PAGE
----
There are very few places in the world where the indigenous peoples can control their own lives. It is therefore important that the measures agreed upon by the world's nations at RIO+20 respect the UN Declaration on the Rights of Indigenous Peoples.
From 20-22 June 2012 world leaders will meet in Rio de Janeiro and gather with thousands of representatives from governments, representatives of the indigenous peoples and NGOs (private interest organisations) at the UN World Conference on Sustainable Development.
At "RIO+20", as the conference is called, the countries of the world will take stock of what has happened in the 20 years since the United Nations Conference on Environment and Development in Rio de Janeiro. The most important question at RIO+20 will be what the world community must do in the years to come to become even better at creating both a globally sustainable and a socially just development.
Sustainable development which respects the environment while taking care to create progress that allows the people of the world to avoid hunger and poverty and to live in peace and freedom. I remember the mood and expectations at the first Rio conference but basically the same problems and challenges characterise the picture here 20 years later.
20 years ago the world community was not particularly aware of global climate changes. Likewise, it was not fully conscious of the negative effects that the massive use of fossil fuels (i.e. oil, coal and gas) had on the climate. This became much clearer 10 years ago when the UN held another major conference in Johannesburg, South Africa. At this conference the world realised in earnest the importance of using fossil fuels wisely, and that it had to use smarter and better technology not to plunder the earth's resources. When you use natural resources sensibly and when you produce food and consumer goods with cleaner and less polluting methods, it means that you have a "green economy".
When the countries of the world meet at RIO+20 they must come to agreement on how to create a green economy everywhere in the world. In addition, at RIO+20 there will be discussions and attempts to reach agreement on a large number of other matters. One of these is how to protect the marine environment so that people can continue to make a good living from the fish and animals found in the sea.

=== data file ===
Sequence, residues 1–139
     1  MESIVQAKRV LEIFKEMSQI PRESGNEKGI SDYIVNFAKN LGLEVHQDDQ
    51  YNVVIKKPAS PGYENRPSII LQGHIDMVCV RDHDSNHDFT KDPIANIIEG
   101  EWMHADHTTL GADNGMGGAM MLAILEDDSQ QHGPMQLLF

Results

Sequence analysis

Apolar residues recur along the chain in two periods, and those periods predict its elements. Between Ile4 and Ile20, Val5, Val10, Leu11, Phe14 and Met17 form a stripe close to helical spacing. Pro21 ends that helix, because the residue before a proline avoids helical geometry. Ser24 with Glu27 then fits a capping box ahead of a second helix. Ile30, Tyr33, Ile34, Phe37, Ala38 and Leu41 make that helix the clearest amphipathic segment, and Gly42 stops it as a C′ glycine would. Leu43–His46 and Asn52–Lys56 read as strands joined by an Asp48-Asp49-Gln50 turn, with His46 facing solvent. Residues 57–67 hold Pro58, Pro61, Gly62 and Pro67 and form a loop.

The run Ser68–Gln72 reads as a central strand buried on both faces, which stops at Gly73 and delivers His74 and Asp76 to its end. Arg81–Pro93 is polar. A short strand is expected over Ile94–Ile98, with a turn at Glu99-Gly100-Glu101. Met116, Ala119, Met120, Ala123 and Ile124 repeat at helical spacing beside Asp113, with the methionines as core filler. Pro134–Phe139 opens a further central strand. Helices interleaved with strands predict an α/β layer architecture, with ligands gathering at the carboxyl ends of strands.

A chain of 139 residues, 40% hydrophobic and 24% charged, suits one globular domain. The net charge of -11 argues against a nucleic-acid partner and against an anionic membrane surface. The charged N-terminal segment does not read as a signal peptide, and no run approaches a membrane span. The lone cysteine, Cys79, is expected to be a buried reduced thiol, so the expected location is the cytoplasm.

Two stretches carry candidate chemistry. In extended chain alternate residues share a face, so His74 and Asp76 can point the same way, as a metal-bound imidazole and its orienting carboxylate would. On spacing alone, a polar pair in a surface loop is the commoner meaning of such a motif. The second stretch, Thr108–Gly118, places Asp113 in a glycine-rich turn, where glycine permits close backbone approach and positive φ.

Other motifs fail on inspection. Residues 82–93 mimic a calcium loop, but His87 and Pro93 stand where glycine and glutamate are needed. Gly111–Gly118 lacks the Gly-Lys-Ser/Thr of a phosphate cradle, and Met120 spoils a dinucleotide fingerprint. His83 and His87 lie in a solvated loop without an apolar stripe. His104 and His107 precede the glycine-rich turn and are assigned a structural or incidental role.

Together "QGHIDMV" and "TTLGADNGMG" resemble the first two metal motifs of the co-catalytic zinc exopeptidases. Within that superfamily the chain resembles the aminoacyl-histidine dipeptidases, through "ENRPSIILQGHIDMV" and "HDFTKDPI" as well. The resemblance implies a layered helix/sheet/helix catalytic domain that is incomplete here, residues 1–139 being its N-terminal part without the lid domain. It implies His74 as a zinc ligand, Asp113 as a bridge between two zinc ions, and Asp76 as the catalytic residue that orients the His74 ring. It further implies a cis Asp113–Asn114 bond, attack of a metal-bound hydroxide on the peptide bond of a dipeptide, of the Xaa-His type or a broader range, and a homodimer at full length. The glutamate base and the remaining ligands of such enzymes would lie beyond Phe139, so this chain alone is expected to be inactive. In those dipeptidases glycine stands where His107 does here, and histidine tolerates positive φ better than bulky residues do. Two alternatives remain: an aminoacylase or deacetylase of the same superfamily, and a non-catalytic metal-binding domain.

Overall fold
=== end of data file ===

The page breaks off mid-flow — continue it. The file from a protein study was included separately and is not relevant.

For the majority of the developing countries the assertion of the right to development still plays a major role. If they want industrial development there is no way around increased energy consumption and this is further closely linked to a higher standard of living. This is a dilemma, we fully understand, the more it is necessary to invest in the green economy even in our own corner of the world.
Naalakkersuisut, the Government of Greenland, will take part in RIO+20. because we want to help to take care of the environment, both at home but also all over the planet, while taking part in the fight to eradicate hunger and poverty. At RIO+20 the world's nations will come together on a range of agreements and rules on how to preserve the environment and develop a green economy. We believe that it is important that the rules and agreements are designed so that they suit the conditions in our country.
In Greenland we depend on the fish and animal life in the sea and on consumers in other countries wanting to buy our shrimp, fish and sealskin products. It is therefore important that we fish and hunt in a sustainable way, i.e. that we do not ruthlessly exploit the living marine resources. If we do not utilise the resources sustainably we run the risk of our descendants not having enough to live on. If we overfish we may get a bad international reputation so that consumers in other countries do not want to buy our products. For that reason the regulations and legislation that the world community agrees upon to preserve our global resources must be made to suit conditions in various countries.
By taking part in the world conference we can tell the world about our ancient culture as sealers and whalers. Hunting and eating seals and whales continues to be important for our culture and our health, even though we live in a modern society. Sealers and whalers still know how to take care of nature.
RIO+20 is a conference for the UN member states. However, the UN is allowing NGOs which represent farmers, private industry, scientists, women, trade unions, employer associations and indigenous peoples to listen in, and express their opinions.
Naalakkersuisut's objective at RIO+20 is to support the interests of the indigenous peoples. Greenland has had a long-standing international commitment to help promote the rights of the indigenous peoples. We have achieved great results in this work in collaboration with the Danish government and the ICC (Inuit Circumpolar Council). Our work has, for example, contributed to the fact that there is today a UN Permanent Forum on Indigenous Issues, and a UN Declaration on the Rights of Indigenous Peoples.